CyberWar in Europe – Internet Blackout, Disinformation and Espionage


Thousands of people across Europe were thrown offline by a massive internet outage believed to be part of the Russian offensive on Ukraine. Reporting on the possible cyberattack, approximately 9,000 subscribers of Nordnet, an internet service provider subsidiary of Orange in France, were without internet on February 24. The internet outage on Viasat affected over 40,000 Bigblu subscribers in France, Germany, Greece, Hungary, Italy, and Poland.

Viasat reported in the US that a cyber-event had caused a partial network outage for its customers in Ukraine. And elsewhere in Europe that rely on the KA-SAT satellite. No further details were provided about the events, but the investigative authorities were notified. According to General Michel Frieling, the head of France’s Space Command, it’s obvious there was a cyberattack on Viasat. In the period immediately after the start of the war in Ukraine. The satellite network that serves Europe and specifically Ukraine came under a cyberattack. The incident made tens of thousands of terminals inoperative. About 5,800 wind turbines were knocked offline in Germany and Central Europe. After the attack brought down 11 gigawatts of power output Enercom. The German manufacturer reported having limited control and remote monitoring of wind power converters. Due to the disruption of satellite connections.

Both military and cyber specialists fear that the Russian-Ukrainian conflict spurs increased cyber attacks with far-reaching consequences in Russia. And Ukraine and worldwide. For example, Russia launched a malware attack in June 2017 named NotPetya in Ukraine. Which quickly spread worldwide, causing an estimated $10 billion in damage. Governments worldwide are worried that the situation may spill over and lead to a-out silverware.

CyberWar in Europe

The attacks identified thus far have been restrict in their geographical scope and impact. In Ukraine, cybersecurity companies have identified a new data destroying/wiping virus whose effects are not well know. A spillover effect has been report, with Ukrainian contractors in Latvia and Lithuania reporting attacks by the wiper malware. Russia has been blame for several cyberattacks targeting government and banking systems in Ukraine in recent weeks. Websites of several Ukrainian government departments and banks were knock offline by a distributed denial of service (DDoS) attack. Institutional websites in Russia make inaccessible from abroad to prevent denial of service attacks.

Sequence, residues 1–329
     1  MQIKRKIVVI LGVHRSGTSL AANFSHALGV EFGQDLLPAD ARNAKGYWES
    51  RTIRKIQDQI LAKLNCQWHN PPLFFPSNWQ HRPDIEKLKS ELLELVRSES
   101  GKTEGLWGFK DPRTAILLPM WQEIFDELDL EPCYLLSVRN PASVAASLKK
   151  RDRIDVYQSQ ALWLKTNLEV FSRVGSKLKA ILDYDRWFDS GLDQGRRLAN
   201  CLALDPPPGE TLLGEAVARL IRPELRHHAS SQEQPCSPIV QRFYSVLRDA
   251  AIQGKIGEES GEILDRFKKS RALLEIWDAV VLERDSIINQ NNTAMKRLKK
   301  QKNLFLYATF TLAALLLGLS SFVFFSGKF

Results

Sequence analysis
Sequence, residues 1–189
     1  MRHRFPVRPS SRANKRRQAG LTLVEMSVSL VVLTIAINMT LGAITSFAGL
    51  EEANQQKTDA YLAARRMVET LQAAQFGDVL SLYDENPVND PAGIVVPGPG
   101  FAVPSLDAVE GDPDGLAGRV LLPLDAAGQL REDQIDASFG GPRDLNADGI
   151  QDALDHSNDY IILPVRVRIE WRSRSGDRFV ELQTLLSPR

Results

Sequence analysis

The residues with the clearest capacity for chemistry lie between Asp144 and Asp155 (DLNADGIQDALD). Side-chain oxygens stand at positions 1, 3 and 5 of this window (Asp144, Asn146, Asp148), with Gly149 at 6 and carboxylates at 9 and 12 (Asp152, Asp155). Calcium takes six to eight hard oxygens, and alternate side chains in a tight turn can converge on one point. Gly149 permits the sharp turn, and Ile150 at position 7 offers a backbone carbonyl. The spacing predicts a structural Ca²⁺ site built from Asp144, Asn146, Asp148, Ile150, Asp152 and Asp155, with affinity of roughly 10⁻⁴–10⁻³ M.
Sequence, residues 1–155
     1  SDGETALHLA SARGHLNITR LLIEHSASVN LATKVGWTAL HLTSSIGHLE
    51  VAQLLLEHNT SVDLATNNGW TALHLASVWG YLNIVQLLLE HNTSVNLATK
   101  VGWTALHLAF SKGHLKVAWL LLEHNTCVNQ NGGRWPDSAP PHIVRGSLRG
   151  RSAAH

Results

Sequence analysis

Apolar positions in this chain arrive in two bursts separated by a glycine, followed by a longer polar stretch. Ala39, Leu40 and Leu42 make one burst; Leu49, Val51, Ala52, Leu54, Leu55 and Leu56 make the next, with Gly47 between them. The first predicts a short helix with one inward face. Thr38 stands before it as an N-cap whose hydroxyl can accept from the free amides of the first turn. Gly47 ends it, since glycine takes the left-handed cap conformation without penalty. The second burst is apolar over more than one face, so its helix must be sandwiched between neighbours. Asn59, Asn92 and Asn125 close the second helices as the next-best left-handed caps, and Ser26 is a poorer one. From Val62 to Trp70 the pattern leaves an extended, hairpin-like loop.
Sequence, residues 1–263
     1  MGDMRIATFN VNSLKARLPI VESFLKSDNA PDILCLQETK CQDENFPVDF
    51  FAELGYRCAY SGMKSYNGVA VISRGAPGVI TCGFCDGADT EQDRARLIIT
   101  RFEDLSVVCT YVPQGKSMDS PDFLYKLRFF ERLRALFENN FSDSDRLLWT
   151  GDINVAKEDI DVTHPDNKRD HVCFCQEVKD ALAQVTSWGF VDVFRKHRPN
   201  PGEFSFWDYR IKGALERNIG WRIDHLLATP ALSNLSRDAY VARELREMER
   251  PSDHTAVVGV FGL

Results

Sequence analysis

The global technology infrastructure has ensure that cyber threats can be identified, nullified, and share information to prevent future occurrences. Through its Threat Intelligence Center, Microsoft reported the detection of destructive cyberattacks on Ukrainian digital infrastructure on the eve of the initial attacks. The attacks labeled FoxBlade included wipers that wipe out data once they enter a network. Hundreds of cyberattacks of different forms have been reporte since the war began.

Miss information campaigns have exacerbated conflicts and even led to genocides. Deaths may happen, for example, when “leaked intelligence” suggests a location is a potential target, and people flee to the following area in safety. However, the safe place becomes an obvious target for attacks leading to the death of vulnerable populations. So far, the effects of misinformation and propaganda have been more psychological.

Hacktivists, proxy groups, and other interested parties have been assembling to form cyberspace armies on either side of the conflict. Anonymous, the hacking group, has joined with Ukraine and has declared war against the Russian government. Ukraine has appealed for citizens of other countries to join them in creating an IT army to counter Russian hacking and cybersecurity overtures. Several European countries such as Lithuania, Croatia, and Poland are offering Ukraine support with the launch of a rapid-response team. Russia has reiterated that it will retaliate with equal or greater force.

Everything and anything found online can be hackes or exploited during a cyberwar. Offensive cyber weapons are now a first-strike tactic in war scenarios. Nothing significant has been record, with most incidences being disinformation and espionage. The three primary forms of cyber operations seen this far are wipers, distributed denial of service (DDoS) attacks.And the defacement and fake news. No attack on critical infrastructure has happened, but the situation may worsen.


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